Preaching With Jonathan Edwards

By Paul V. Harrison

Outside of Scripture, I’ve never read better sermons than those delivered by Jonathan Edwards (1703–1758). My favorite is “The Excellency of Christ,” preached in August 1736. He chose Revelation 5:5–6 as his text: “Weep not: behold, the Lion of the tribe of Judah, the Root of David, hath prevailed to open the book, and to loose the seven seals thereof. And I beheld, and lo in the midst of the throne…stood a Lamb, as it had been slain.” 

Focusing on Jesus’ identity as Lion and Lamb, Edwards asserted: “There is an admirable conjunction of diverse excellencies in Jesus Christ.” He explained: “There do meet in Jesus Christ infinite highness and infinite condescension,” “infinite justice and infinite grace,” “infinite glory and lowest humility,” “infinite majesty and transcendent meekness,” “infinite worthiness of good, and the greatest patience under sufferings of evil,” “absolute sovereignty and perfect resignation,” “self-sufficiency, and an entire trust and reliance on God.” 

Much went into shaping Edwards. He grew up in a preacher’s home, graduated from Yale, and became pastor of the Congregational church in Northampton, Massachusetts, where his grandfather Solomon Stoddard served 60 years. Edwards ministered to this flock for about 24 years, seeing hundreds of conversions during a movement known as the Great Awakening. In spite of this, his congregation eventually fired him for perceived aberrant theology. After a short stint as a missionary to Native Americans, he accepted the presidency of the College of New Jersey (now Princeton), only to die a few months later at age 54 of a smallpox inoculation gone bad. 

While most only know him for his sermon “Sinners in the Hands of an Angry God,” the Yale edition of his works fills 26 large volumes. No American theologian made a more significant impact on Christianity than Edwards, and his preaching was no small part of that.


What made Edwards a powerful preacher? First, his genuine godliness gave force to his words. From his youth, he followed hard after God. As a teenager he penned 70 resolutions, the first of which read: “Resolved, That I will do whatsoever I think to be most to the glory of God, and my own good, profit, and pleasure, in the whole of my duration.” Number 5: “Resolved, Never to lose one moment of time, but to improve it in the most profitable way I possibly can.” Number 19: “Resolved, Never to do any thing, which I should be afraid to do, if I expected it would not be above an hour before I should hear the last trump.”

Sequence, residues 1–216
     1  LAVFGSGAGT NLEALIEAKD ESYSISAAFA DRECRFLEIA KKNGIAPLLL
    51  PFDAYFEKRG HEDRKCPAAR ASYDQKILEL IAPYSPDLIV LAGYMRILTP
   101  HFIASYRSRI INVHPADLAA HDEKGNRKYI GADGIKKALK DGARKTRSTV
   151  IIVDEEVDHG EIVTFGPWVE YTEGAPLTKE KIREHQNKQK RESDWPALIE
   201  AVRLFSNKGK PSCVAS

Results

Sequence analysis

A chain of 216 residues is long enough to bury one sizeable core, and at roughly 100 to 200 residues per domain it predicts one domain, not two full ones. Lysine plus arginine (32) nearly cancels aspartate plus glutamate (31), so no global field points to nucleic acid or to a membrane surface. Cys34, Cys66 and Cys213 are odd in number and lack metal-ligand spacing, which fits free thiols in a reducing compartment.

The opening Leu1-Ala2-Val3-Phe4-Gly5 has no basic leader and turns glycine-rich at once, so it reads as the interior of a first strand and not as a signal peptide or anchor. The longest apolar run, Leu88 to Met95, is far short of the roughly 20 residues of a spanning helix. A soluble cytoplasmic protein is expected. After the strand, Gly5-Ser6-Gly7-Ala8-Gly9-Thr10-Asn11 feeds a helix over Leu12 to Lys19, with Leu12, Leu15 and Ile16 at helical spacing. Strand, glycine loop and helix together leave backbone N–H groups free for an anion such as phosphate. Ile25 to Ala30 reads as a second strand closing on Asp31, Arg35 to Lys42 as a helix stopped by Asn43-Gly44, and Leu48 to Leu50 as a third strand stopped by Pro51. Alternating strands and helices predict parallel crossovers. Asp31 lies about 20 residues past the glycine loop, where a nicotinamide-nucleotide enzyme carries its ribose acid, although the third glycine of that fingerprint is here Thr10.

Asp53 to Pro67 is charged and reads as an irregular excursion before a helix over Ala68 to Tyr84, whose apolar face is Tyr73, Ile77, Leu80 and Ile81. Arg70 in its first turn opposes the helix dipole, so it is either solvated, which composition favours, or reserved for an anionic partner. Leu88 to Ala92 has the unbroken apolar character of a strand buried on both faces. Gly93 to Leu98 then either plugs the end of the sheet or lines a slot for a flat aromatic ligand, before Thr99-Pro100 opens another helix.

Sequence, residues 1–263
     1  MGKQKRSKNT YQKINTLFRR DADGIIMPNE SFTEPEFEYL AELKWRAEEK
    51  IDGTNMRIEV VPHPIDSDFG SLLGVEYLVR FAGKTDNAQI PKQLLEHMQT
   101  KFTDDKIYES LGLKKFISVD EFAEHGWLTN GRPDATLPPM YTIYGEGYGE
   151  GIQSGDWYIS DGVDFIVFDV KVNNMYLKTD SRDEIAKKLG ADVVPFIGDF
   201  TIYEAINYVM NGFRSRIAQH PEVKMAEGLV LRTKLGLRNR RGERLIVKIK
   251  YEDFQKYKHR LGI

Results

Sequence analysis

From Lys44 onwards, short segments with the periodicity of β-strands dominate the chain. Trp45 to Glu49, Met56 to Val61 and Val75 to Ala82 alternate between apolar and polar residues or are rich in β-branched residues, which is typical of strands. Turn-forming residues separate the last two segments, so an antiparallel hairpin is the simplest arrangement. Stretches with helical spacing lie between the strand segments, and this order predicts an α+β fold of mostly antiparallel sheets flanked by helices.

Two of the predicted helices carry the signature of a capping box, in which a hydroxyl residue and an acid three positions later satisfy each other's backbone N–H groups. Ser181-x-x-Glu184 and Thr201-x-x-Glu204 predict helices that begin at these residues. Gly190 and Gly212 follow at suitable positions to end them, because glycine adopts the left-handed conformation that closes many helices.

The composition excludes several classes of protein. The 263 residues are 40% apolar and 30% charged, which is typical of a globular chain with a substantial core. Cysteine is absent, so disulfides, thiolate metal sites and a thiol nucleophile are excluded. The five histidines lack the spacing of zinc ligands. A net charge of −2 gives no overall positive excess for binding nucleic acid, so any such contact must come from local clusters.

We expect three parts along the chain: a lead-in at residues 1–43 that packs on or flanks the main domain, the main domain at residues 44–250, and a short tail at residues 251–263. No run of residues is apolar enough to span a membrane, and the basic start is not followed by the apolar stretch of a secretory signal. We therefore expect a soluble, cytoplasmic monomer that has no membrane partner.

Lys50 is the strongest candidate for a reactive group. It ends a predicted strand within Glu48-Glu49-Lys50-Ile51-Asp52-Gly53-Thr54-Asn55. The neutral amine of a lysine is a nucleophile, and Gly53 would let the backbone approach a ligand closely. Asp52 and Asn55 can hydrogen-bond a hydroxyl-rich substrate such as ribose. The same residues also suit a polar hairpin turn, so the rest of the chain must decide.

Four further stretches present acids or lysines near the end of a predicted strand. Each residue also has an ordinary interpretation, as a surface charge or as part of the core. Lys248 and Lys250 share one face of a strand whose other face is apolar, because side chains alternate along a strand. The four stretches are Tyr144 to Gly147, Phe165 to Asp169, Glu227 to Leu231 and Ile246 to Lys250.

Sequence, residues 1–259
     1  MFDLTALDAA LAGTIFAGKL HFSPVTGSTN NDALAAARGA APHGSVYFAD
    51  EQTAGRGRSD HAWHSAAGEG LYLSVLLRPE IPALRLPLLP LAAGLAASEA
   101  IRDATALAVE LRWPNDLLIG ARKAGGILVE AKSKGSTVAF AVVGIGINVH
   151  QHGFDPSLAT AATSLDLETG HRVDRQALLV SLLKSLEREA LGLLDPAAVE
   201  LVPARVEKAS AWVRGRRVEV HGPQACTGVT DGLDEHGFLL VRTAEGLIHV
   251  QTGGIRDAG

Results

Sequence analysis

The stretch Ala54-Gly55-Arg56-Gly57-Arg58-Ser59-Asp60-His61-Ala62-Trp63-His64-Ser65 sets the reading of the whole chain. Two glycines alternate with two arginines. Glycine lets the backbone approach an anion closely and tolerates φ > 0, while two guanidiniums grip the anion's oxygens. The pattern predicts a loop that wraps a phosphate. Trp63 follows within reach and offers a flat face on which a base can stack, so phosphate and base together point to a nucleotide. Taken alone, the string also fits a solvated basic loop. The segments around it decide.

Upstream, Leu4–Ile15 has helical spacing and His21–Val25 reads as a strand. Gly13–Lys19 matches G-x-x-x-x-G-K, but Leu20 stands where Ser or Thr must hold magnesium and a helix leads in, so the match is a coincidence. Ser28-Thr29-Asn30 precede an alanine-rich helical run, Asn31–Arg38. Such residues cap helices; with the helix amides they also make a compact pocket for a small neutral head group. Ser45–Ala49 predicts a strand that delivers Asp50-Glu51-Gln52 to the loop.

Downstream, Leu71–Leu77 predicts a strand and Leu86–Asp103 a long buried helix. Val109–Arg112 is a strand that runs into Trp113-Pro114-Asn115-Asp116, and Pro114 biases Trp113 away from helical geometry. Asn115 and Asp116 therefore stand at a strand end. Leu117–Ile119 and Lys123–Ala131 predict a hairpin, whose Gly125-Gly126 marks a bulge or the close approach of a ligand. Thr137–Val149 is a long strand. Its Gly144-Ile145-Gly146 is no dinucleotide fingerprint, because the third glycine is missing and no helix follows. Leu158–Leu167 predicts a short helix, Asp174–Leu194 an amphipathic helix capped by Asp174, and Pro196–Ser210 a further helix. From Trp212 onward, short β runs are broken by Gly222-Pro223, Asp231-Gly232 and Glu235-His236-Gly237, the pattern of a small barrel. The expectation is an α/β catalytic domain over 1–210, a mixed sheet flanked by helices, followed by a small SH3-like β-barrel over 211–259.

Edwards spent much time in prayer and Bible study. The beauties of nature reminded him of the Creator. Thunder and lightning made him mindful of God’s majesty and sovereignty. An informed conscience guided his lifestyle. He devoted himself to his wife and 11 children. He made anonymous gifts to the needy. In short, he lived in the self-conscious spotlight of God and His Word. Such living adds much to a preacher’s words.


Second, Edwards’ sermons reflected careful preparation. He recognized the scriptural requirement to be “apt to teach” meant he had to give himself tirelessly to study. He began most days at four or five in the morning. Before his head hit the pillow most nights, he had spent 13 hours in study.  You can only preach what you know, so Edwards worked to know much about God and Scripture. This was not knowledge for its own sake, but to deepen his relationship with God and to share his findings with his flock. That sharing generally took the form of extended sermons, written word-for-word, which he would quote and read to his people. He followed the pattern of preaching in his day: explanation of the text, development of the doctrine there, and an extended application. He usually prepared three, hour-long sermons each week. Around 1,200 of these works have survived.